Uphill, Downhill and Sidehill Putts

By Marc Jenkins

Putting is a key skill in a golfer's game. It can mean the difference between someone shooting a three-under par and a three-over par. The most difficult putts to pull off have to be those which are on hills or slopes and not just flat green surfaces. There are three separate hill putts which a golfer must master--uphill, downhill and side hill. Each putt requires a different approach as outlined below.

Uphill Putts

Uphill putts may just be the easiest of the three different putts to successfully execute and is clearly the most welcomed. There is more room for error when it comes to the uphill putts than any of the three, simply because a golfer can stroke the ball with much more force and strength. Two things that are worth remembering on uphill putts are to focus and aim for the back of the hole and not the front. A golfer should also attempt to hit the ball 17 inches past the cup--this will allow the ball to actually be closer to the cup because of the inclination of the hole. There is no need to worry about stroking the ball past the cup on an uphill putt, so take a deep breath and hit the ball with some power.

Downhill Putts

Executing downhill putts has a much greater degree of difficulty than knocking in an uphill version. For starters, there is very little margin for error and many golfers tend to over hit the ball in these situations. The trick to executing a successful downhill putt is to stroke the ball with less strength than it appears you need to. For instance, if the cup is 20 yards away from you, then you should only strike the ball as if it were 10 yards away. The downhill nature of the shot will allow the ball to travel more with less force and still have a good chance at dropping in the cup. The gravity of the downhill putt takes the place of the force that wasn't placed on the shot.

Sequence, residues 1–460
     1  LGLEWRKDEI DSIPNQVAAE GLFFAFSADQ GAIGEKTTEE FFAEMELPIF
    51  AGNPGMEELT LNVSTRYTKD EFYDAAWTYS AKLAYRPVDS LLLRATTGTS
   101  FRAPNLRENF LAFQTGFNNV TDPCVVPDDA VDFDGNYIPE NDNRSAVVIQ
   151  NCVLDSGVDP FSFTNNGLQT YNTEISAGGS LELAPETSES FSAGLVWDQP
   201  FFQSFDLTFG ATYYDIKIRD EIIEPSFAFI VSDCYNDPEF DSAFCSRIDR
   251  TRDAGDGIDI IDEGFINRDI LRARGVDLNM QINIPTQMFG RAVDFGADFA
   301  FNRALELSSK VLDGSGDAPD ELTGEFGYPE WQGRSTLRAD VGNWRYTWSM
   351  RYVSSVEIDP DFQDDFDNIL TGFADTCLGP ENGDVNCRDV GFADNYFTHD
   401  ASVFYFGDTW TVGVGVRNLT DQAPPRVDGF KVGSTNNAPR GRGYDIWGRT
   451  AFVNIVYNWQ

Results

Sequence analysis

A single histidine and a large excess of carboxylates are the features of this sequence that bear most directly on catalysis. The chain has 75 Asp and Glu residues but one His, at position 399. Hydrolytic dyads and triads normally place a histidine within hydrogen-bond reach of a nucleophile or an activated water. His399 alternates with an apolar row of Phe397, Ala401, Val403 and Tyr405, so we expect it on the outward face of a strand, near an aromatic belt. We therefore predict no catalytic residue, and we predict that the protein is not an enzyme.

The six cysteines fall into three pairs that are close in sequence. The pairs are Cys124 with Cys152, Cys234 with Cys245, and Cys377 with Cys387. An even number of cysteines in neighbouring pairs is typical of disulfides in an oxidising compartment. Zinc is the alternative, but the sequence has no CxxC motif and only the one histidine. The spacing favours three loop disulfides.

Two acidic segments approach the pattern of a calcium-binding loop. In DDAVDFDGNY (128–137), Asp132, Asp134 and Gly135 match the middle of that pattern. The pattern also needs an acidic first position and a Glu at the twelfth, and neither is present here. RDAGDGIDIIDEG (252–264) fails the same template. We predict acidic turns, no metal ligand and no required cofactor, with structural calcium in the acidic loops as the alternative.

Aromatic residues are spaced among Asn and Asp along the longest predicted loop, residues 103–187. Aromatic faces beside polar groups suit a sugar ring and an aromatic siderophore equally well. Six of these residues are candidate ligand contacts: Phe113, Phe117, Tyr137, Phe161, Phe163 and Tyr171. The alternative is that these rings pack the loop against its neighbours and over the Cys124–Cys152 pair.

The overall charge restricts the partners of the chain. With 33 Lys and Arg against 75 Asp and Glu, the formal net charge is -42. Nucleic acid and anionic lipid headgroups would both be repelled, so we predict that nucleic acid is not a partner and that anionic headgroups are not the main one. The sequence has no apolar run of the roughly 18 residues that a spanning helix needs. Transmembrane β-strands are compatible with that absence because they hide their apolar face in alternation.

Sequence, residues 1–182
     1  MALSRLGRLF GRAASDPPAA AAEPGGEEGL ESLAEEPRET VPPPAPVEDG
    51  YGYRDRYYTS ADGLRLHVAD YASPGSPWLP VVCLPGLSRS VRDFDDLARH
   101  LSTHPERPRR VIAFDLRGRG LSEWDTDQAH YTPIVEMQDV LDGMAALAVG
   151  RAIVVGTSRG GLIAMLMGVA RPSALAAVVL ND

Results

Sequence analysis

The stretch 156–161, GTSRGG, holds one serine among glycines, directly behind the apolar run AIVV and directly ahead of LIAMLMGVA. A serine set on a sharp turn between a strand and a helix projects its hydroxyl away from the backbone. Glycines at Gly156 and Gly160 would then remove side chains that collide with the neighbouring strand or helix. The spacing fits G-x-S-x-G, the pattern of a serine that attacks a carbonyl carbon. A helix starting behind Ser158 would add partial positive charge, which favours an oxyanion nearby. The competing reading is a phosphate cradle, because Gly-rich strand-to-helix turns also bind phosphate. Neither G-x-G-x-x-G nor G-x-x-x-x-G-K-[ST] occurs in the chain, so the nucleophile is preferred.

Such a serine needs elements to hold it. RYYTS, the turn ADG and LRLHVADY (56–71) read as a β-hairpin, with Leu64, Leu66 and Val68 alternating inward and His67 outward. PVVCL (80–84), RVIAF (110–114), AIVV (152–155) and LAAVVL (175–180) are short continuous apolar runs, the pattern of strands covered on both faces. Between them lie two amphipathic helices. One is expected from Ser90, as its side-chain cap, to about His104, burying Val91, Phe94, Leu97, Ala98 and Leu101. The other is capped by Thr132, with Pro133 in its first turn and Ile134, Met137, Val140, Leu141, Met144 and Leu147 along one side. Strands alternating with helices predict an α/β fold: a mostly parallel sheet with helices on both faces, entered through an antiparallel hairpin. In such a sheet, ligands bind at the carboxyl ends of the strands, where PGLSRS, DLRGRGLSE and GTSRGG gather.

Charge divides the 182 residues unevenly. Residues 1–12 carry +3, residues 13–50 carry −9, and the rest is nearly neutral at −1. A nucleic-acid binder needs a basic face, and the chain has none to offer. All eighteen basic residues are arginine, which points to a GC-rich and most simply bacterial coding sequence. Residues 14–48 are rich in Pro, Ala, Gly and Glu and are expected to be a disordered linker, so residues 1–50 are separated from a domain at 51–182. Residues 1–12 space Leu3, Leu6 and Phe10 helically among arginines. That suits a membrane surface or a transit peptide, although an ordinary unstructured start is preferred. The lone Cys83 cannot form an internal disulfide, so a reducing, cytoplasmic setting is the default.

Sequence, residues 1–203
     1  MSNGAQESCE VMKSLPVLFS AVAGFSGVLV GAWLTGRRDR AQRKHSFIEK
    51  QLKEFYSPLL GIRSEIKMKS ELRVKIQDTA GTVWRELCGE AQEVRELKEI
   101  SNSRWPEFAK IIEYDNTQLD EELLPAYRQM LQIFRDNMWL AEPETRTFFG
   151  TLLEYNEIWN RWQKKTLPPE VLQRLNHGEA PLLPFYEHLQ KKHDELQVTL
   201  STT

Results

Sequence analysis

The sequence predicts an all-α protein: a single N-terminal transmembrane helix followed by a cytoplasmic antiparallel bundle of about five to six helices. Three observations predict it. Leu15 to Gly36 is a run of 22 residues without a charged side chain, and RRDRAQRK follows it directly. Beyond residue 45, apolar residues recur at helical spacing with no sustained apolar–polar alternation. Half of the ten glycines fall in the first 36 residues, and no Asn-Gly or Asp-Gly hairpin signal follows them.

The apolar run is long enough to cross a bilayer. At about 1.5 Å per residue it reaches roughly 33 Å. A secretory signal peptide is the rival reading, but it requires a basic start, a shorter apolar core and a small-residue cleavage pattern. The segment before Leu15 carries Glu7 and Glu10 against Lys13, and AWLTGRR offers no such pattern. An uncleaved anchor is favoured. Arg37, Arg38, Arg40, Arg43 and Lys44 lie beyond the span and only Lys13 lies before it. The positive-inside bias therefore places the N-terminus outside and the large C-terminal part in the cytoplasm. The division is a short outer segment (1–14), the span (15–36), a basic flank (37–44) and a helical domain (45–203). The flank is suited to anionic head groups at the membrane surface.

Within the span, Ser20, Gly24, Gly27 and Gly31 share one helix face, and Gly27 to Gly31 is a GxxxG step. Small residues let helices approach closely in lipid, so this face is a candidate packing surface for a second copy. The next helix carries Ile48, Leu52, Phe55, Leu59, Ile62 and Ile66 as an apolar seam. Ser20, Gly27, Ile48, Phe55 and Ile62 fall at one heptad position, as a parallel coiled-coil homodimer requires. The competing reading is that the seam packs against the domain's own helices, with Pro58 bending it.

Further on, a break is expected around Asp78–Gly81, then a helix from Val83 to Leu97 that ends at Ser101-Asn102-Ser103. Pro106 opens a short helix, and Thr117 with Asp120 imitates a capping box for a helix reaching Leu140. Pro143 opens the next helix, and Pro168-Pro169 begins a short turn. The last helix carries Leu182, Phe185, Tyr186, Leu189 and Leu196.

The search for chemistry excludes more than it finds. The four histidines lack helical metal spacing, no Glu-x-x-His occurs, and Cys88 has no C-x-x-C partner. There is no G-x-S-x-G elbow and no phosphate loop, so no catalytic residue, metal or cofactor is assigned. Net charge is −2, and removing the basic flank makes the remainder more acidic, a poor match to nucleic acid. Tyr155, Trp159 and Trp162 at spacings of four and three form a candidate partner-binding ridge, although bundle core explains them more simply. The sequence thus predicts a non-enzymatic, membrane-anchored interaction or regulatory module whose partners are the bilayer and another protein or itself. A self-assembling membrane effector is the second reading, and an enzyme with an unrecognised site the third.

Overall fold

Side Hill Putts

Side hill putts are by far the most difficult of the three hill putts. They don't always have an exact way to approach them and definitely vary in the amount of ball break on a putt. Many side hill putts get lost to the downhill side of the hole, the key to avoiding this is all in your posture and stance prior to and while putting the ball. If the ball is above your feet, lean away from the ball with the slope and aim to the right (for right-handers, left-handers aim left). If the ball is below your feet then lean towards the ball with the slope and aim to the left (for right-handers, lefthanders aim right). The amount of force or power that you use on these putts depends completely on the actual slope of the side hill. You should remember sidehill lies are almost everywhere on the putting greens. If a golfer focuses on his posture and the amount of strength used on these side hill putts, then he should be able to sink more than not.

About The Author

Marc Jenkins has been writing since 2008. His work has appeared in numerous online publications, and he is also co-host of the Double Play Sports Hour, a sports talk radio show on WBCR 1090AM in New York City. He studied English and mass communications at Virginia State University.


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